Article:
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MARKET REPORT: Bookies boosted as England crash out of the World cup

England may have been in a sombre mood after Wednesday night’s World Cup defeat, but the bookies were quietly celebrating their victory.

Paddy Power Betfair, William Hill and Ladbrokes Coral owner GVC all saw their share prices rise after avoiding millions of pounds of payouts to punters who had a bet on Gareth Southgate’s side.

Ladbrokes said that Croatia’s extra-time goal ‘saved us millions upon millions’. A spokesman added: ‘If England were to have made the final and consequently won it, that would have cost UK bookies around £200million.’ 

William Hill said that it hit a record, excluding the Grand National, of almost 8,000 bets per minute in the build-up to the match and raked in more than £6million.

England manager Gareth Southgate consoles his team after they were beaten by Croatia in the World Cup semi final. But their loss was the bookies' gain 

England manager Gareth Southgate consoles his team after they were beaten by Croatia in the World Cup semi final. But their loss was the bookies' gain 

England manager Gareth Southgate consoles his team after they were beaten by Croatia in the World Cup semi final. But their loss was the bookies’ gain 

Paddy Power ended the day up 2.5 per cent, or 205p, at 8510p while William Hill climbed 1.4 per cent to 300.2p and GVC by 2 per cent to 1106p.

ITV, along with the rest of the nation, was less grateful for England coming home. Its share price, which had risen in anticipation of a World Cup advertising boost, fell 1 per cent, or 1.9p, to 175.6p yesterday as Goldman Sachs downgraded the broadcaster. 

The investment bank pulled its recommendation for ITV down from ‘buy’ to ‘neutral’, saying any advantage it would gain from the tournament was now priced in to the shares.

Britain’s blue chip index, the FTSE 100, ended the day up 0.78 per cent, or 59.37 points, at 7651.33 as further gains at Sky helped to lift it.

FTSE 250 outsourcer Capita, which has been compared to bust competitor Carillion due to its weighty debt piles, saw its shares rise as it picked up more vital work. 

Stock Watch – Dart Group 

The owner of Jet2Holidays, Dart Group, saw its shares soar yesterday, as sales at its airline and package holiday businesses flew.

Revenue was up 38 per cent to £2.4billion, while profit before tax leapt 49 per cent to £134.6million.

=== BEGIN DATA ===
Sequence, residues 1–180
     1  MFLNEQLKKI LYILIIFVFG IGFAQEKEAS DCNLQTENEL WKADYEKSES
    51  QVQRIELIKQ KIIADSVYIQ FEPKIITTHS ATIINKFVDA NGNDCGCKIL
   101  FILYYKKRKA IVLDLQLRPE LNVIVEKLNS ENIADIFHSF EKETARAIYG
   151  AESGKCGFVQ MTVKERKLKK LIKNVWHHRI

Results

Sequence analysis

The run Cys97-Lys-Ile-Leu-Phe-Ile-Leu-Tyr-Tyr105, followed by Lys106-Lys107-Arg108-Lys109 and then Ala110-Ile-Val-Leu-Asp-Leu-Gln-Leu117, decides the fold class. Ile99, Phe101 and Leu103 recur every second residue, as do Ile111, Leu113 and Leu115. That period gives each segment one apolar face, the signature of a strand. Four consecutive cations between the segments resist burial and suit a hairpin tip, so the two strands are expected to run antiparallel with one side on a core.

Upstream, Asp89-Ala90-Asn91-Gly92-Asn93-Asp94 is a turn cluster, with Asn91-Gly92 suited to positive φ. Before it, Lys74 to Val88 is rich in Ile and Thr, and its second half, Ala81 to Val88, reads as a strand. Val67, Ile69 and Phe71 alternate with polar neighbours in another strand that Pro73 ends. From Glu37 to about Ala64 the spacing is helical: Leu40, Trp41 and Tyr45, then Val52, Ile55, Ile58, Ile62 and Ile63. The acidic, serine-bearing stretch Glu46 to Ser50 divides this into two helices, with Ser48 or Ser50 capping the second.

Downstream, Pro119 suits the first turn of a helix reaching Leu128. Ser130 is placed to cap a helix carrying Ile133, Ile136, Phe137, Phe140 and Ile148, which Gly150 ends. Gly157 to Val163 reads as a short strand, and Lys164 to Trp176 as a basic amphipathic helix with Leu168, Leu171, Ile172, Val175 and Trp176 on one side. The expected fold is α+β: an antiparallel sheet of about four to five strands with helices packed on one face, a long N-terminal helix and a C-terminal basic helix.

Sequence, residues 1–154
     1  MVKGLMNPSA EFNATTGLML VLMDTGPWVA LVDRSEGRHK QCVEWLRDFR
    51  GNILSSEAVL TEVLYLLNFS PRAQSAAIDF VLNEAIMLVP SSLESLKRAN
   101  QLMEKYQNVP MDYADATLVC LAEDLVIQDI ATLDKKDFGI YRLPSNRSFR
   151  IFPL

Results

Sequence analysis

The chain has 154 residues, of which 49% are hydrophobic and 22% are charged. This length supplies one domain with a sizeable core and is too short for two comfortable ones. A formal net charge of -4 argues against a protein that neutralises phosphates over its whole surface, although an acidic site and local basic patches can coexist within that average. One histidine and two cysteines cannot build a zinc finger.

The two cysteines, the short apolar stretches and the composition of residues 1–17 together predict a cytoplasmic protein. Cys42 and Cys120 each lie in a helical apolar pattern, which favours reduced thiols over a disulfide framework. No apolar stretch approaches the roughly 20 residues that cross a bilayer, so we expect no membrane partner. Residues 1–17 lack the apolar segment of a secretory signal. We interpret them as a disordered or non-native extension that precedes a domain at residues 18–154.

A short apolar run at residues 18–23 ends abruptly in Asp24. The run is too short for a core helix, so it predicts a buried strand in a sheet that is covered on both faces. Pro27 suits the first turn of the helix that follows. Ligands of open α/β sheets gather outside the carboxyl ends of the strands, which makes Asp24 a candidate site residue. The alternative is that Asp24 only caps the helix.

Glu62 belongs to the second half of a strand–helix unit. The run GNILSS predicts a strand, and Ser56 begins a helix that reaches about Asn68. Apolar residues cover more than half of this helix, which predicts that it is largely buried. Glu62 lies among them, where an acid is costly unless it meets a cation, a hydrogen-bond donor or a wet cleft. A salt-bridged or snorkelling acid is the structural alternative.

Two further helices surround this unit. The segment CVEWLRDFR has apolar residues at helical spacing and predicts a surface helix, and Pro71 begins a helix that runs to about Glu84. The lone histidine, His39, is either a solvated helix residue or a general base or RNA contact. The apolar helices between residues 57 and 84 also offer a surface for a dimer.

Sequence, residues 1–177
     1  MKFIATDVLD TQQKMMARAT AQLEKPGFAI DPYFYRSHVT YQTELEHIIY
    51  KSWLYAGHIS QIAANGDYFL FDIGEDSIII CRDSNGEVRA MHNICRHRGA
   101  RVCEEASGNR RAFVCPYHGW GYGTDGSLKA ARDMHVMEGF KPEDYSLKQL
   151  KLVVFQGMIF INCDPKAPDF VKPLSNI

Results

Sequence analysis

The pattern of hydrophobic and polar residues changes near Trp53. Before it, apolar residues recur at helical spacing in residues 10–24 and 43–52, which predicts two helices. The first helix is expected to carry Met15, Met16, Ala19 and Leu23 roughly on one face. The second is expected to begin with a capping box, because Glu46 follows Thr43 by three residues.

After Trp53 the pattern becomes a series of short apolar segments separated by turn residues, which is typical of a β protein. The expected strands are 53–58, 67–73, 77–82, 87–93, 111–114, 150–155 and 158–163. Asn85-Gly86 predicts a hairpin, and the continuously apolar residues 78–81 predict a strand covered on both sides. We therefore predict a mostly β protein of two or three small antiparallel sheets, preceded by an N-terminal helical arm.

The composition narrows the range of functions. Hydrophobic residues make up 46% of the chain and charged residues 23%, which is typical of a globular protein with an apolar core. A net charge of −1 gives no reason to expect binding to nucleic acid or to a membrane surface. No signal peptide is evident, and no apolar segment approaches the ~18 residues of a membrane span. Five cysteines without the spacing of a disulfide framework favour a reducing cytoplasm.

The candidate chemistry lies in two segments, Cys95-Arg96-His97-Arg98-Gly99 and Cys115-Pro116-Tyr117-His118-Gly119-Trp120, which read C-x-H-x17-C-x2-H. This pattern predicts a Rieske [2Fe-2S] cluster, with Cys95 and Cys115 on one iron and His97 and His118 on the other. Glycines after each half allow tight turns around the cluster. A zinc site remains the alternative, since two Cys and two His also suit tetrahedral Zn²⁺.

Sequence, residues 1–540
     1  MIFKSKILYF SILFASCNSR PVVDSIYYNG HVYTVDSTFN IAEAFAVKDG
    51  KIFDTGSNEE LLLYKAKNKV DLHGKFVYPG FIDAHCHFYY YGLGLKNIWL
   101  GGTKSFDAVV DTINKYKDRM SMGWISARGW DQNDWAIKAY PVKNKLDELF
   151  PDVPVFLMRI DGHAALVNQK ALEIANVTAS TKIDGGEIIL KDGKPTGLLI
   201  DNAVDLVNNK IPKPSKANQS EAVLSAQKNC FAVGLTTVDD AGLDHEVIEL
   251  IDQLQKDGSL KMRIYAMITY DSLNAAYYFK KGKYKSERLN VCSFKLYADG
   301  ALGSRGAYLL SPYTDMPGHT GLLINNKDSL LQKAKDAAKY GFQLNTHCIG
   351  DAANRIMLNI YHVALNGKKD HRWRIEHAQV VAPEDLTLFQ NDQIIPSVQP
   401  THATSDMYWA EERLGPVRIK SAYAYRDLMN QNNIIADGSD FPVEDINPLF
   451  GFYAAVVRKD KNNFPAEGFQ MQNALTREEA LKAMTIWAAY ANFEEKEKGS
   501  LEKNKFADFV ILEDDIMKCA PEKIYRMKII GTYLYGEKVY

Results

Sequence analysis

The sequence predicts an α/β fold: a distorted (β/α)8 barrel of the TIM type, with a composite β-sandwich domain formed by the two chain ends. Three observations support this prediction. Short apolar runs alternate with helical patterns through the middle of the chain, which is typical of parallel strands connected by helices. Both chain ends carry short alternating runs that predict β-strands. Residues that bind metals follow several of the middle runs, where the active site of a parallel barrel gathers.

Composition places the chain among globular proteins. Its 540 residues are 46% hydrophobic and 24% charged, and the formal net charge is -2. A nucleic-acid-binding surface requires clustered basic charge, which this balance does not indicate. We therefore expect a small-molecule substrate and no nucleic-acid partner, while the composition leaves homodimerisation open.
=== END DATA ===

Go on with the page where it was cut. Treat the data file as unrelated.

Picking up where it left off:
Its share price shot up by 35.1 per cent, or 259.5p, to 999.5p.

Jet2’s boss Philip Meeson, who owns 37.9 per cent of the business, saw his stake rise by a hefty £146million. 

The company said profit next year would ‘substantially exceed current market expectations’.

The company, which collects the London congestion charge and the BBC licence fee, was chosen to manage the administration of all primary school national curriculum assessments.

Winning the six-year contract worth £109million helped Capita’s shares climb 4.9 per cent, or 8p, to 169.1p. Investors were also heartened by the sale of its parking management business, Parkingeye, for £235million to investment bank Macquarie and private equity firm MML Capital.

Jon Lewis, Capita’s chief executive, said it was part of a strategy to simplify and strengthen the business. He said Capita now expected to raise more than £400million from selling non-key businesses in 2018, ‘well ahead of our target of £300million’.

Capita’s smaller peer Interserve also won a £35million contract yesterday, although its announcement nevertheless came ahead of a 2.9 per cent fall in shares to 60.2p. The five-year deal is to deliver services such as catering and cleaning to the 450-bed NHS King George Hospital in north-east London.

AIM-listed Caledonia Mining was also struggling after a fatal accident at its Blanket Mine in Zimbabwe. Steve Curtis, chief executive of the gold mining firm, said: ‘This is a very disappointing setback to our efforts to improve safety at Blanket which has been a key focus area for the business in 2018.’ Investors showed displeasure at the safety breach as shares fell 5.1 per cent, or 33p, to 600p.

Shareholders in mining giant Glencore, meanwhile, seemed less perturbed that heavyweight law firm Quinn Emanuel is putting together a case to sue the business. 

The firm wants shareholders to join a class action against Glencore to claim for losses suffered when its shares crashed last week, after the US Department of Justice announced a corruption investigation into the company.

Glencore’s shares ended yesterday up 0.9 per cent, or 2.85p, at 314p.

IT firm Computacenter meanwhile gave an unscheduled market update, announcing ‘considerable progress’ on profitability. Shares shot up 9.3 per cent, or 128p, to 1502p.

 

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